Brisbane-based French chef Michel Bonet has spent a lifetime cooking as well as cooking up some interesting custom motorcycles including an early supermoto.
The 76-year-old was born in Burgundy and came to Australia in 1968 and spends six months here and six months in his country of birth — that is, until the pandemic!
In this article, Michel tells his story about some of his custom bikes:
Being a chef and restaurateur can be sometimes be very stressful and irritating. So for someone that loves motorcycles, there is no better way to unwind than to customise your motorcycles. Unfortunately, starting an apprenticeship as a chef in the late ’50s didn’t give much time to learn anything else. Whatever I had to do on my bikes, someone else had to do it for me.
In the ’80s I had a couple of BMW K 100s and it was in a time where motorcycles had no fairing or a basic fairing.
But I thought I could do better than this – someone had to show them how it’s done!
So with the help of Peter Walker from All Bikes (formerly knowns as Universal Cycle) I dressed up the K 100 exactly the way I’d pictured it in my head.
The Silver Dream was my first attempt as an engineer. But of course this bike wasn’t designed for a full fairing, so it used to overheat.
One day at the petrol station, finishing up paying for petrol, I heard this huge bang. As I looked toward my bike I saw flames billowing out, engulfing the whole thing. Silver Dream went up in smoke.
My second attempt was a slight improvement on the last. This time I wanted to build a supermoto because it was very popular in Europe and not yet in Australia. I remember telling my bikie friends, “This bike would be used for flat track racing in years to come and if good enough, I will sell plenty of them.”
We started with a Honda XL 350 (I had to find a different friend to help me build this one, as Peter had had enough of me) and the result was amazing. The bike looked and felt beautiful. I was picturing myself travelling the world, taking meetings with people wanting to buy my design. But everything always seems bigger and better in your mind. I learnt this when I went to Japan to sell to the Japanese … you’ve heard of that guy who failed selling ice to an eskimo!
However, to this day, I still love that bike, especially the colours green and yellow and the Kangaroo. Something else I had to fight hard for was that paint job – needless to say, I lost that friend too. This poor bike had many more dramas to come to his life … just ask Phill Beaumont.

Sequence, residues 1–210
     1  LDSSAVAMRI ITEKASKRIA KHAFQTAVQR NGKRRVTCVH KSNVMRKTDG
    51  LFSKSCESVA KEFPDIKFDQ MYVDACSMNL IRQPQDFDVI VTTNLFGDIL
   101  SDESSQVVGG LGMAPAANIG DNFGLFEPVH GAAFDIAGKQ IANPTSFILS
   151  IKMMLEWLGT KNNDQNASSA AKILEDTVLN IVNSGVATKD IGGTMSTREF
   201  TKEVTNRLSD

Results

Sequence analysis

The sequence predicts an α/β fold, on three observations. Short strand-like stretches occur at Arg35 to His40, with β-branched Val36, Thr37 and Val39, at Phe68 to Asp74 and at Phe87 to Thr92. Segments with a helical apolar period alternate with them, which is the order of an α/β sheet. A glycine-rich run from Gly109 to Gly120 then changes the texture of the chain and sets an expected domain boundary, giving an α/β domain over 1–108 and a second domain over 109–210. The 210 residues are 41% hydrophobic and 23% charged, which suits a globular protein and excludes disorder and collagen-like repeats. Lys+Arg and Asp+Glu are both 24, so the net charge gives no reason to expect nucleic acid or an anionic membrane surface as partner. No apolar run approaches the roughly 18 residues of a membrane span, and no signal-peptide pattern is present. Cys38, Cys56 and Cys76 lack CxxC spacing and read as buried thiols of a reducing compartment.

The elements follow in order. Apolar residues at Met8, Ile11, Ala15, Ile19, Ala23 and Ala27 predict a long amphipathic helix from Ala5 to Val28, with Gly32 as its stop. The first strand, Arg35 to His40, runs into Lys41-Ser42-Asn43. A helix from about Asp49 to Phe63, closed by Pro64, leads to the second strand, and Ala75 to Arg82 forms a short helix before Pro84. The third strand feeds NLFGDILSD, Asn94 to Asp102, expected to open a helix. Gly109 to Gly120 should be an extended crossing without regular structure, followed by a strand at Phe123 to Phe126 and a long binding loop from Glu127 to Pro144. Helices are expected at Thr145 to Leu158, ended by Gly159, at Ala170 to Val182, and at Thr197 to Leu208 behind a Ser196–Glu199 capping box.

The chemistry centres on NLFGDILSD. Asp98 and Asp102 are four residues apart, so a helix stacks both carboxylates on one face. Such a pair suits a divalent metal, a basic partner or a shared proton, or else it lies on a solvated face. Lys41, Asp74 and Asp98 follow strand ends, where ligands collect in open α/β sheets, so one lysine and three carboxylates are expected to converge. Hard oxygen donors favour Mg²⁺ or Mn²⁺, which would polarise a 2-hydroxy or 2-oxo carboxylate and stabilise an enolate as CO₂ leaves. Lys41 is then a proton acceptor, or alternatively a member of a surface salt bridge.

It took me long enough but I learnt a valuable lesson – leave the bikes alone and stick to cooking. So the next bike I bought was a Bimota YB6 Tuatara and leaving it alone was the best thing I did.
Until 33 years of loyal service later, not to mention 70,000km, as you would expect,she needed and upgrade – a new lease on life – and this time I got it right.
Thanks to me new friend Paul Dale who spent countless hours bringing the Bimota back to its most basic form. It feels better and easier to ride as I don’t have to lean over the tank.
And here we are and maybe I’m not done as a salesman yet! Because on my next trip to Italy I just might drop into the factory and you never know, they may like the design for future bikes.
As I’m past 76 years now and even though it’s easier to ride and easier to service, we all know that a 33-year-old motorcycle is always going to be in need of a lot of TLC, which basically means I’m going to need many more friends!
Paul has saved all the parts and bits and pieces because one day I’d like to donate the Bimota to a Museum in Italy. After all, only 60 of these Bimotas were made in 1987 and at the time it was the fastest production bike in the world and not to mention, the most expensive. Can you imagine how many of my other bikes and free fine dining experiences I had to trade in to get my hands on it?
I wish my story ended there but I’ve started working on my BMW K 100 RT in France (yes, I have friends in France too…well, for now I do).
As you can see the fairing has come off and I painted it the colour of my first motorcycle! But it is still a touring bike, as I use it for touring two-up. When one day I won’t be able to ride it anymore, I will do a real cafe racer.
(If you are interested in reading about Michel’s interesting life story and try some of his favourite recipes, you can buy his book, “A Boy From Burgundy” for just $20 including postage by clicking here.)